Weekly S&P500 ChartStorm - 28 May 2023
This week: breakouts and bull traps, bad breadth, tech takeoff, animal spirits, AI bubble, artificial intelligence vs natural stupidity, IG credit, fun with fund flows...
Welcome to the latest Weekly S&P500 #ChartStorm!
Learnings and conclusions from this week’s charts:
While some call it a breakout, others might call it a bull trap.
Behind the scenes of the surge in (some) stocks, breadth remains weak, and the equal-weighted S&P500 shows a very different picture vs the Nasdaq.
A unique barometer of bullish speculation has broken out from the lows.
The breakthroughs in AI are fueling the breakout in tech stocks, and past analogs show how animal spirits can take things further than you might expect.
IG Credit is showing up as cheap vs the S&P500.
Overall, it’s a kind of confusing confluence of bad macro, bad breadth, weak cyclicals vs animal spirits, tech takeoff, and AI ebullience. At this point you either go on faith and follow the hype, or study the knowable data and take a more skeptical slant. In the meantime, there are some clear technical trigger-points on the upside and downside, and that should help reconcile or navigate between the two.
1. Breakout or Bull Trap? As of Friday’s close, the S&P500 edged just above the 4200-level, making its first steps in a possible breakout vs that key overhead resistance zone. But before we get too excited about a breakout, it’s worth highlighting the risk of a bull trap (which is when price breaks out, and then turns back down e.g. as it did in Aug 2022 before diving down into the October low). In other words, while it is an interesting development, it is not an all-clear signal.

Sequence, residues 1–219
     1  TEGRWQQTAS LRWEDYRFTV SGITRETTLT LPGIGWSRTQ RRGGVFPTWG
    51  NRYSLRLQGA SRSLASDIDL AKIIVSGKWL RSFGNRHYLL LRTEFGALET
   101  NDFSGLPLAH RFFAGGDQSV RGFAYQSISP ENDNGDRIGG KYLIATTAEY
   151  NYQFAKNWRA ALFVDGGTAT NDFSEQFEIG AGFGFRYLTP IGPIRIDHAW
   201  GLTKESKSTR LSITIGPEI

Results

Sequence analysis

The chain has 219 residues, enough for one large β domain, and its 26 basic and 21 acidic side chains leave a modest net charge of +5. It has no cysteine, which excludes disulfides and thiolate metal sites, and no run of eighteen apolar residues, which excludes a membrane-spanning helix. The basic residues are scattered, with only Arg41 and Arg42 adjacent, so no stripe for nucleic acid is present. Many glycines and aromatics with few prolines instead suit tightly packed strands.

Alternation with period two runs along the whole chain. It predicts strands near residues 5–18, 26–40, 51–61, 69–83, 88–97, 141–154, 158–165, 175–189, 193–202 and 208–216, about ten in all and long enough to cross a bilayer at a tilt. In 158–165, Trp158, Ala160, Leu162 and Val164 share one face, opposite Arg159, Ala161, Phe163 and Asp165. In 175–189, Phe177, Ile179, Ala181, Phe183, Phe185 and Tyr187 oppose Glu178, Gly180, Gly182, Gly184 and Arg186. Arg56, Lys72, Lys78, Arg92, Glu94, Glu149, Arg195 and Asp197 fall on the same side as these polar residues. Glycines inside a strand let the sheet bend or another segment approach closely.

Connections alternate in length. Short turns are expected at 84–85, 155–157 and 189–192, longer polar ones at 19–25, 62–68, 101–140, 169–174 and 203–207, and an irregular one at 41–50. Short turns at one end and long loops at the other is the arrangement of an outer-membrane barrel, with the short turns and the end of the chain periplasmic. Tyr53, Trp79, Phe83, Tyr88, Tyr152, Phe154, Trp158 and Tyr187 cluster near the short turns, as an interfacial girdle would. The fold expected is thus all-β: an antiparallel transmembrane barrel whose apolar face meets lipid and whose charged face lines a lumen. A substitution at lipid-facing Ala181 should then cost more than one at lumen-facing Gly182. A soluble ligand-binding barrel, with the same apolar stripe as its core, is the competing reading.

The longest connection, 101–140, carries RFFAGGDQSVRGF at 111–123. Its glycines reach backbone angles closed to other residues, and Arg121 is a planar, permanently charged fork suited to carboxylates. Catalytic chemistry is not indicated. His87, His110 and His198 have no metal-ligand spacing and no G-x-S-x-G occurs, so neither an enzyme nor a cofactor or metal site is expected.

2. What Breakout? If you look at the Equal-Weighted S&P500 it’s an entirely different story. Not only is it not breaking out, but it’s carving out what looks like a potential head & shoulders top (blue line is the neckline), it’s also below its 200-day moving average, and it lines up with the weakening breadth picture that I’ve previously noted. Indeed, if you look at the traditional cyclical sectors e.g. financials, real estate, energy, materials — they’re in bad shape, and defensive sectors (staples, utilities, healthcare) are losing ground in relative terms as traders rotate into tech.
3. Bullish Speculation Breakout: Despite all that, seems like people just want to jump back on the horse. After collapsing in 2022, bullish speculation is starting to take hold again. This chart shows the extent to which traders are piling into leveraged long vs short US equity ETFs. Compare and contrast the March 2020 bottom vs the Dec 2022 top — it’s an intriguing indicator, and most recently a sign of perhaps the early stages of a return of animal spirits.
4. Tech Takeoff: It’s all about tech… While tech is not immune from a potential bull trap either, there is a sort of speculative fervor that appears to be taking hold, and when mania comes to markets, fundamentals go out the window.
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